“The pace has been faster than initially thought because of multiple converging factors both in Europe and in Asia. One is demand recovery in this phase when we are finally trying to get out of the pandemic. Another factor is the policies in many countries aiming at replacing coal consumption with gas consumption. This may reinforce the role of natural gas as a transitional fuel, which produces 50% less emissions than coal,” Alessandro Bacci, senior legal analyst for the MENA Region at IHS Markit, tells The Africa Report.

Egypt now has functioning export infrastructures, with its Idku export plant resuming activities in 2020 and the Damietta plant resuming activities in February 2021. These announcements came on the back of Egypt achieving self-sufficiency of gas in 2019, largely favoured by the 2015 discoveries and mounting global prices post-pandemic.

The domestic market has been a main beneficiary.

“President al-Sisi made an announcement at the beginning of the year that he’s personally trying to push use of natural gas in Egypt, converting a number of vehicles, expanding its use in houses. It is cheaper,” Aidan McKay, general manager at Energy Egypt tells The Africa Report. However, he says: “If they want to continue focusing on export, they are going to have to focus on renewables to take the pressure off the domestic market”.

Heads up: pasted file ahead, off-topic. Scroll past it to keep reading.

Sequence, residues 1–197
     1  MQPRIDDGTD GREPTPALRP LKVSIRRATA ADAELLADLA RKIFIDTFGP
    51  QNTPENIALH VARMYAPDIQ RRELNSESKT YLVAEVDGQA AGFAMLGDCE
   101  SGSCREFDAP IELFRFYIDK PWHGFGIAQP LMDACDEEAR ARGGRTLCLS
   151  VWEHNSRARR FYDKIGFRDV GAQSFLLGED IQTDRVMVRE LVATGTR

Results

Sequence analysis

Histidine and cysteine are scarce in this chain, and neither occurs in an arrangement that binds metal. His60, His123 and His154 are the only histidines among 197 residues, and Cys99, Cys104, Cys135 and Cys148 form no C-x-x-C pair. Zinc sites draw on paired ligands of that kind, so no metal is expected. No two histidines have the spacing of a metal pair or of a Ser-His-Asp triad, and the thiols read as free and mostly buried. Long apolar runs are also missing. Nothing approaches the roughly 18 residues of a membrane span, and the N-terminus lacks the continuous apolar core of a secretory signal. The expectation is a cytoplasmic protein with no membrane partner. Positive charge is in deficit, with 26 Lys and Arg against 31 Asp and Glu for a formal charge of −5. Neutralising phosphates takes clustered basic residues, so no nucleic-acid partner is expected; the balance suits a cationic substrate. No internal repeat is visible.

With 38 years of gas left, Egypt needs to make strategic decisions with regards to new markets and infrastructure. Its proximity to the Suez Canal and the Mediterranean is an important tool to ensure right decisions are made and that they will be beneficial.

Asia and Europe

“The European gas market at the moment is very tight, so there have been opportunities for Eni through the Zohr [gas field] and its ownership of the Damietta [LNG export facility] to make use of doing very short journeys across the Mediterranean Sea,” says Tom Marzec-Manser, global gas and LNG analyst at the Independent Commodity Intelligence Services (ICIS).

“Most Egyptian [LNG] cargoes go through the Suez Canal and onwards to Asia, but there’s certainly been a handful to Belgium and Lithuania. It’s quite unusual, we haven’t historically seen Egyptian cargos going into Europe beyond the Mediterranean Sea,” he says, a fact reflected by BP’s 2020 performance in the country, with 2.7 Bcm exported to Asian and the Pacific and 1.7 Bcm to Europe.

Egypt might be of particular interest to European countries seeking alternatives to coal and Russian gas. Price is also a factor as “suppliers to the European markets can get better rates in the Far East,” McKay tells The Africa Report. A tight balance has to be maintained between the current cost of gas for immediate delivery (spot price) and that of transportation for buyers – also known as Freight on Board (FOB).

“It appears that spot LNG production in Egypt requires FOB prices above $5 MMBtu. When prices are below this threshold, the result is liquefaction and production shut-ins as it occurred in 2020. If the prices are above this threshold, unless there are technical problems at the Egyptian liquefaction plants, it is expected an increase in the exported LNG to both Europe and Asia,” says Bacci.

Mediterranean opportunities

There are other important gas discoveries in the eastern Mediterranean:

  • Israel: the offshore Tamar field with a capacity of 10 Tcf discovered in 2009 and Leviathan capacity of 649 Bcm
  • Cyprus: Aphrodite with a capacity of 4.5 Tcf discovered in 2011

Pipelines and LNG plants were discussed as an option to exploit these resources.